Hurricane Rosa still looms in the Pacific Ocean, but threatens to bring a soaking rainfall for many parts of Southern California, extending through the desert southwest as it moves inland. The forecast track for Rosa moves it inland by Monday and Tuesday of this week.
As Rosa moves inland, it will carry heavy, tropical rainfall with it. Flash flood watches have been issued for much of the southwest U.S. with a widespread 1-2" of rain expected, with localized amounts over 4" for parts of Arizona.
While that may not seem like much rainfall, this is a very high amount for the typically arid, desert climate of the southwestern U.S. In fact, this amount of rainfall is more typical of what some areas see over several months. For instance, the average rainfall in Las Vegas, NV for the entire month of September is near 1/4", but the forecast calls for around 3/4"- 1.00" through the next few days!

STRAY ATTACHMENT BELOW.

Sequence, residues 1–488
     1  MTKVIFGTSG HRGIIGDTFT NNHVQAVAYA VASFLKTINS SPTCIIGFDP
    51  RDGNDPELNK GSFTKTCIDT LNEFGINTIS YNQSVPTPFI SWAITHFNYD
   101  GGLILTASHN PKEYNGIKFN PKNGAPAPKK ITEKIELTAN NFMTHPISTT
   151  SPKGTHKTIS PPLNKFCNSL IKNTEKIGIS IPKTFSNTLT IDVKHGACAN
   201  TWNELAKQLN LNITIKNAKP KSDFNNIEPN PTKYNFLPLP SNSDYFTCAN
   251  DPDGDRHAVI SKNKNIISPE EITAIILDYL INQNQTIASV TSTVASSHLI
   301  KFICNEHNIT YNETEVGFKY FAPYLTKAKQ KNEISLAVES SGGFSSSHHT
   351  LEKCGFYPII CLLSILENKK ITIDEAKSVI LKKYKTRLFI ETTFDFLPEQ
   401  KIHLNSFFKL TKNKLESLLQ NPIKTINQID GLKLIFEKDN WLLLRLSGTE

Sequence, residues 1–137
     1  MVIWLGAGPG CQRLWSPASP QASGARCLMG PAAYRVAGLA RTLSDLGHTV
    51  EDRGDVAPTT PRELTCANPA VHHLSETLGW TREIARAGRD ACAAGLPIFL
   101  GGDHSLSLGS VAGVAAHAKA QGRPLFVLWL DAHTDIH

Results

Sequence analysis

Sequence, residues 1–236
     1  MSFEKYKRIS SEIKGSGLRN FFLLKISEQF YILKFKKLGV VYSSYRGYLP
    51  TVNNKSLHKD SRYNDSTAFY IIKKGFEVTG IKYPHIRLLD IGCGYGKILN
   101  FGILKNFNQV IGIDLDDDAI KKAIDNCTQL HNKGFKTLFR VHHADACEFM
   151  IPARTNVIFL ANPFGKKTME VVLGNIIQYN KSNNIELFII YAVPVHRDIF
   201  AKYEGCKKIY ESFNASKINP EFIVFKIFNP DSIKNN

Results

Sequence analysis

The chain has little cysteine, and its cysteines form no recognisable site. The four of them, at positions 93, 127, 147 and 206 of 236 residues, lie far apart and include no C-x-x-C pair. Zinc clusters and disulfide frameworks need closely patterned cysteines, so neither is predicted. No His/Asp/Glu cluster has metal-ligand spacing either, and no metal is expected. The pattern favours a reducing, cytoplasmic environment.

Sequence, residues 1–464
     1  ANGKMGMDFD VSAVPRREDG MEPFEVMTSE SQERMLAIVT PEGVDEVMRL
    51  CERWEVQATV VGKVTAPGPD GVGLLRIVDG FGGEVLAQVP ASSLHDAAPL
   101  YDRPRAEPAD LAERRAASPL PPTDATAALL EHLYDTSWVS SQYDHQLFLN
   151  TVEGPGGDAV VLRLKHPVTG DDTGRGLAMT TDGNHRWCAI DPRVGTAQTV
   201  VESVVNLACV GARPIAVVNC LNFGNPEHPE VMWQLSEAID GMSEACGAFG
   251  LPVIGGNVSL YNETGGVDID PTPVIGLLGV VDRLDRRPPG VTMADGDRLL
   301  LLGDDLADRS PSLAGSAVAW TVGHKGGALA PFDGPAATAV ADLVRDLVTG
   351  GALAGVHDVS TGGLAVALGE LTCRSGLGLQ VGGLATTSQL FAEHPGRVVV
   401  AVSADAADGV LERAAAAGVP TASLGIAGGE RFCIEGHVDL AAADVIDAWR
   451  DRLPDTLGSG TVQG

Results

Locals are encouraged to prepare for flooding, and stay aware of weather forecasts. If water begins to rise, head to higher ground immediately.
Related: Rosa a rare event for Arizona, with only 7 tropical depressions on record for the area
The southwest U.S., into the Four Corners region has been extremely dry. Much of the area is considered to be in some stage of drought. Exceptional, or the highest level, of drought is present for the 4-Corners region. This will be much needed rainfall, however may be too much, too fast. This poses the high risk for flooding.